Too much money makes many people stupid. After the prosperity and growth of the 1980’s, Clinton thought that he could expand the prosperity to more people by enacting government programs without consequences.
In the Investor’s Business Daily editorial, Bill Clinton, Home Wrecker, the writers explore the policy that began the housing bubble and collapse.
Rewind to 1994. While everyone was worried about Clinton socializing health care, he was busy socializing mortgages. To boost minority homeownership, Clinton toughened anti-redlining rules and launched a federal assault on mortgage underwriting standards.
He enlisted no fewer than 10 federal regulatory agencies to crack down on prudent lenders. He named his anti-bank SWAT team the Interagency Task Force on Fair Lending.
“I want to target new (housing) markets, underserved populations, tear down the barriers to discrimination wherever they are found,” Clinton said. “We have to do a better job of reaching the underserved; of eradicating discriminatory practices that prevent minorities from finding, financing or buying the home of their choice.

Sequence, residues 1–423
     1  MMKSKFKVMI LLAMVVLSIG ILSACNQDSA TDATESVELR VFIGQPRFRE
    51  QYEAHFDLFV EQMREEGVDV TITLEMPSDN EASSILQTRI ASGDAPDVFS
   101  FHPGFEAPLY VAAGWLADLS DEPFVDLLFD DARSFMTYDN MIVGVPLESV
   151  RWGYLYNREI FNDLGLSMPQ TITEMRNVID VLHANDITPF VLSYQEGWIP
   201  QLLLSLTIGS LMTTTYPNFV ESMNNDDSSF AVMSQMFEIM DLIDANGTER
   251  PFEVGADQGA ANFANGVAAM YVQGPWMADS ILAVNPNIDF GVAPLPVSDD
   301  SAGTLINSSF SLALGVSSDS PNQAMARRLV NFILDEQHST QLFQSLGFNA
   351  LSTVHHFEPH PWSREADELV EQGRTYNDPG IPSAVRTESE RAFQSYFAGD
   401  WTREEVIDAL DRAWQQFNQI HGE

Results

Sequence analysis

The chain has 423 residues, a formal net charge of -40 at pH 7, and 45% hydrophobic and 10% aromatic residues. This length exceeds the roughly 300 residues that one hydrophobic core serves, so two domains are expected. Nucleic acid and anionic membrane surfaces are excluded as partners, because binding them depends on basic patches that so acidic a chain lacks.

“We can widen the circle of homeownership beyond anything we have ever seen,” he added.
Indeed, Clinton’s policies for the first time threw millions of previously unqualified buyers into the mortgage mix, fueling an unprecedented housing bubble.
Between 1995 and 2005, according to a new book, “The Great American Bank Robbery,” minorities accounted for nearly two-thirds of household growth and contributed a whopping 49% of the 12.5 million rise in homeowners over the decade.
It is hard to avoid the desire to share the wealth when there is plenty to share, but when this overrides basic prudent lending standards then the prosperity shared is short lived and in this case very destructive.
This does not excuse reckless leverage in the case of the banks, but it does raise the risk of regulators who are pressured politically to become blind to reality.
Too much money often makes for bad decisions in the private sector as well, but it is more likely to cause systemic failure when it precipitated by the volume, power and force of government.